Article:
When I heard the news, I asked myself, can this be true? A Warrant Officer Class One (WO1) of the Ghana Armed Forces (GAF) in uniform with Ghana’s Coat of Arms on his right wrist indicating his rank, slapped, beaten and handcuffed in broad daylight by five National Security personnel?
As I thought about this, my mind went to Shakespeare’s play Macbeth. Lady Macduff was advised to flee with her children to avoid being murdered.
She answered, “Whither should I fly? For I have done no harm. But I remember now, I am in this earthly world, where to do harm is often laudable. To do good, is sometimes accounted dangerous human folly. Why then alas, do I put up that womanly defence to say, I have done no harm?”
Shakespeare simply restated man’s inhumanity to man in the statement “to do harm is often laudable!”
Human beings inflict pain and humiliation on others for no sensible reason but to show power. Such perpetrators do so with impunity because, they believe nothing will happen to them. A WO1 was beaten for causing no harm!
During my sojourn outside in 2017, a foreign retired General friend called to find out if I had seen the video clip of the gruesome murder of a Ghanaian Army Captain by some villagers. After expressing his disbelief and shock, he angrily asked me, “is that wicked village part of Ghana?” Three years after the murder of the officer by villagers of Denkyira-Obuasi, the case is still in court.
But the sword of Damocles hangs over that village!
On Wednesday, November 25, 2020, WO 1 Mashud Salia was driving to Michel Camp, Tema. When sirens from Toyota land cruiser V8 started wailing for lesser mortals to get off the road, try as he did, the WO could not go off the congested road.
He was pulled out, slapped, beaten, handcuffed and then driven to Michel Camp.
In February 2020, I was driving from Burma Camp to the nearby Air Force Officers’ Mess near El Wak Stadium.
hree speeding V8s with sirens wailing caught up with me when I was on top of the overpass bridge. Since I was in the slow lane, they could easily overtake me on the left, but no!
Knowing their modus operandi of crossing drivers, I stepped on my brakes seconds before the first V8 crossed me.
But for my anticipation, I would have hit him as he planned. As for the consequences, it could have been the same as WO Salia’s. Maybe, after slapping and beating me, they would have with impunity dumped me at the Military Police Check Point at Burma Camp.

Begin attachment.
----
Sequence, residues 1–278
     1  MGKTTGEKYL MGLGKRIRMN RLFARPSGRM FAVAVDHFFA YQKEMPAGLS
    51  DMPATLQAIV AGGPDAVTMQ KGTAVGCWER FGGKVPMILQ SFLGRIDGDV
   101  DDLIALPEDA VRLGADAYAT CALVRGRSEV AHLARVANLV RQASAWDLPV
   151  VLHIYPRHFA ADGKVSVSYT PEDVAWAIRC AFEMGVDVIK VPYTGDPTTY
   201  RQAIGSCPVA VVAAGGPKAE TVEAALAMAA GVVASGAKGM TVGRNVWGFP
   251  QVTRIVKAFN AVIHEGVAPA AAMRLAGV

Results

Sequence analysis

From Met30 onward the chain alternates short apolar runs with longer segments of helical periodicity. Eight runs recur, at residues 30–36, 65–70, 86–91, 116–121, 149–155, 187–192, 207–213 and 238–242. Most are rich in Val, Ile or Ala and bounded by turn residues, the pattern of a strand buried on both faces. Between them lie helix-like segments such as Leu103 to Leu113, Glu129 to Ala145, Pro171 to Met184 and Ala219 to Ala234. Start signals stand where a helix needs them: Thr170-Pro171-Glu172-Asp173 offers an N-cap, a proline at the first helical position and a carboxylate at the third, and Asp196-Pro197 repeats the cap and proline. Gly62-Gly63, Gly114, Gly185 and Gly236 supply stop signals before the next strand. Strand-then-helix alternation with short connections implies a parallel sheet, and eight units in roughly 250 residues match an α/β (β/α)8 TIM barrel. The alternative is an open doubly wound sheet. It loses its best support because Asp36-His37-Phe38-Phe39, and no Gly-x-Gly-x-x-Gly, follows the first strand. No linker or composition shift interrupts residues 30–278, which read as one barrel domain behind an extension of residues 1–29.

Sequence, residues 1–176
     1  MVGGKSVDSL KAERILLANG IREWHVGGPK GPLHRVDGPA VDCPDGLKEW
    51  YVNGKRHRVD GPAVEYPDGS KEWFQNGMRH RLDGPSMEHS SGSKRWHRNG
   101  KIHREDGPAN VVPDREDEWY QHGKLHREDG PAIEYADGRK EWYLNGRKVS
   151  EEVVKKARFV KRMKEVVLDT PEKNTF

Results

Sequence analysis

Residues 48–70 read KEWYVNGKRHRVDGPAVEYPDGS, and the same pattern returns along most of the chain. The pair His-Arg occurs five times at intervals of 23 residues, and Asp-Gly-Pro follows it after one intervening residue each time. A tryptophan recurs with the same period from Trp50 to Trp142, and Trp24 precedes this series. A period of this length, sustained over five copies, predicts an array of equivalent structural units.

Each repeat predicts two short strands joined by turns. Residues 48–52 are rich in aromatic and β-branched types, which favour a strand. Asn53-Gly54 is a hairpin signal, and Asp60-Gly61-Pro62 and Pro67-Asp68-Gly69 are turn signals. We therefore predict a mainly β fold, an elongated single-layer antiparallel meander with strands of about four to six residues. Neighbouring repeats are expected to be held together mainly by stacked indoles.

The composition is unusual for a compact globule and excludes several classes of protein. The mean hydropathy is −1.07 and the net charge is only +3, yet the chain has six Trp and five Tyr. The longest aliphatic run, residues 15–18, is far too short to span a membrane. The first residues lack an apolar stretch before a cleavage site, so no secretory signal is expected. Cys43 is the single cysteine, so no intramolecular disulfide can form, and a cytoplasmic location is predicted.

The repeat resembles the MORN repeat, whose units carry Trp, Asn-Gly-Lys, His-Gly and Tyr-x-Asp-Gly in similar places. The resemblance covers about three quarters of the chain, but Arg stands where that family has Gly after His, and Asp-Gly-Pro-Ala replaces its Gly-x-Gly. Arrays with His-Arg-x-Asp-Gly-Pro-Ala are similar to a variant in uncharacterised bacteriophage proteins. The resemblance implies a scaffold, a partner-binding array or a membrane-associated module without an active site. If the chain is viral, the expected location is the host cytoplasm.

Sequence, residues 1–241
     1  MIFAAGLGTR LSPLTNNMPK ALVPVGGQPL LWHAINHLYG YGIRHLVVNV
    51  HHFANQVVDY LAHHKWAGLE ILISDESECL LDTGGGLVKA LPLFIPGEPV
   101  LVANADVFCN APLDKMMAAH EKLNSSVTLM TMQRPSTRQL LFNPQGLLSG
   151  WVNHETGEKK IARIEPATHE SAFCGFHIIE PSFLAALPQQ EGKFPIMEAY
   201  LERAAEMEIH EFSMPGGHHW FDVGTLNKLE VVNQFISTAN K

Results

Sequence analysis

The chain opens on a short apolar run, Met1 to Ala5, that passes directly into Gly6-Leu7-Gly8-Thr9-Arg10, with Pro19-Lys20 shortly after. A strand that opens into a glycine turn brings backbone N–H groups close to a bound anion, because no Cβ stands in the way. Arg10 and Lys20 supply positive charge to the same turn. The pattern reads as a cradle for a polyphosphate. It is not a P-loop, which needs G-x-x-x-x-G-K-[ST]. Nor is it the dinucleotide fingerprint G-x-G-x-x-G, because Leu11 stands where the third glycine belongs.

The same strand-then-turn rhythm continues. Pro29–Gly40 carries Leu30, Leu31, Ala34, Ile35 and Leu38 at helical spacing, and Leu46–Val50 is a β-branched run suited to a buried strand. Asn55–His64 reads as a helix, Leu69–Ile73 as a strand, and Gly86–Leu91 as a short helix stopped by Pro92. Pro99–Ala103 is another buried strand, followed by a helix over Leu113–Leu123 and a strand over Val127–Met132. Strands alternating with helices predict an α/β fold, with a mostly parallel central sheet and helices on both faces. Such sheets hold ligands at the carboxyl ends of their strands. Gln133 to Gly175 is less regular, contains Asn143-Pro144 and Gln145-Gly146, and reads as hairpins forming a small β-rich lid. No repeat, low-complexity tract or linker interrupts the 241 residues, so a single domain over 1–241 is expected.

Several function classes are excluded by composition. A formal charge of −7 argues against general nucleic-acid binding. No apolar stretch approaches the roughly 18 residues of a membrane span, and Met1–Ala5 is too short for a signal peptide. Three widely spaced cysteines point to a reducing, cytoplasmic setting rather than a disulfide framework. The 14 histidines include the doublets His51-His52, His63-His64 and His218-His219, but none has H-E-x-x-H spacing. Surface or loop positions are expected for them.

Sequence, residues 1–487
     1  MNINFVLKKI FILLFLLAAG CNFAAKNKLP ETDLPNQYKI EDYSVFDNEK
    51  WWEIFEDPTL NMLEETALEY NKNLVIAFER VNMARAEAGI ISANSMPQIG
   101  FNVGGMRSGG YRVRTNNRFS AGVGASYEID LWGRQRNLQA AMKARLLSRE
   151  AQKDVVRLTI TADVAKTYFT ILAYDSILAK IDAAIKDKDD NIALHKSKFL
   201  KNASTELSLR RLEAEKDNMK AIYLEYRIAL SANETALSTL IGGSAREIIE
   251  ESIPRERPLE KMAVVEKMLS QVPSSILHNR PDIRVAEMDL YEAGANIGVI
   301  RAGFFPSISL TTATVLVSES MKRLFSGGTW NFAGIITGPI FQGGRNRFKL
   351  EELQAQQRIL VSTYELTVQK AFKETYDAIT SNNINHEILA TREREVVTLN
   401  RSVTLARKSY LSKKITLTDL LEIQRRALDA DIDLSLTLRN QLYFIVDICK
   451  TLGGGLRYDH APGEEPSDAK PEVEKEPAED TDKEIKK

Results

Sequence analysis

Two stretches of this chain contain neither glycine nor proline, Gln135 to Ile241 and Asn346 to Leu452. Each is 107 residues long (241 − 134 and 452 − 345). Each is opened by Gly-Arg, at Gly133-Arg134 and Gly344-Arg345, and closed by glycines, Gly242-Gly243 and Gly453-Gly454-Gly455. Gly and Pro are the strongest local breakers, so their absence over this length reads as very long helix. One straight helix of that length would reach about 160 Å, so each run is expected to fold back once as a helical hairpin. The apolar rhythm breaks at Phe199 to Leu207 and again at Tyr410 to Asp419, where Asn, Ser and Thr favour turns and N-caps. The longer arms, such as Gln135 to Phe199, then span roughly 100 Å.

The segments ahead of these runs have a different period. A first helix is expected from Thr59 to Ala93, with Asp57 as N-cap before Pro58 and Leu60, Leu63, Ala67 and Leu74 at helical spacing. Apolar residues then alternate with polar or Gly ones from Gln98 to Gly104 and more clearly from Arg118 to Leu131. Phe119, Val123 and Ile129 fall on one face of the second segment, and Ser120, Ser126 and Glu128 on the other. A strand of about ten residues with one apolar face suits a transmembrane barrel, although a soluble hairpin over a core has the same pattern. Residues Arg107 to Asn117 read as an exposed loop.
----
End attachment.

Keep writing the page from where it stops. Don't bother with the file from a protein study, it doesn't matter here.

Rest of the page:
On Saturday, November 28, 2020 at Michel Camp, a top government official is said to have compounded the problem at a durbar with troops by condescendingly offering to give soldiers rice, oil and drinks for Christmas. Naturally, this insult did not amuse troops.
The general feeling was that, while politicians may be entitled to disrespecting the Military, soldiers will not accept being insulted, and then treated as one would do to children, by giving them “toffee” to show remorse after unjustifiably beating them.
The angry soldiers were also told to forgive and forget!
While driving in uniform to Ghana from Northern Nigeria about twenty-five years ago with my wife, my car had a mechanical problem in a remote area between Abuja and Minna.
The driver of a speeding car which passed us braked hard and reversed. The gentleman left two colleagues with us and drove back twenty kilometres to bring a mechanic to fix my car.
The Good Samaritan said he only stopped to assist because of my uniform!
On the eve of July 4, 2020, passengers boarding a flight to North Carolina to celebrate America’s Independence Day were upset when they were told their flight would be delayed.
Amid the grumbling, the captain of the flight came on air and apologised for the delay. He then explained that they were delayed because they were getting a special passenger on the flight…the body of a soldier who had been killed in Afghanistan, and was being returned to his family.
With that there was absolute silence followed by copious expression of gratitude to the soldier and the military for their sacrifices.
Is our case one of a prophet not respected in his own country?
The military uniform is an important symbol of the state’s authority. Attacking a soldier is an attack on the State. This must not be countenanced in any civilised country!
Finally, as I stated in an earlier article, giving the CDS and IGP security of tenure will be good for Ghana’s security, as it allows them independence to be professional, and not feel appendages to any government!
Fellow Ghanaians, wake up!
The writer is Former CEO, African Peace Support Trainers Association, Nairobi, Kenya & Council Chairman, Family Health University College, Accra
Source: Graphic Online
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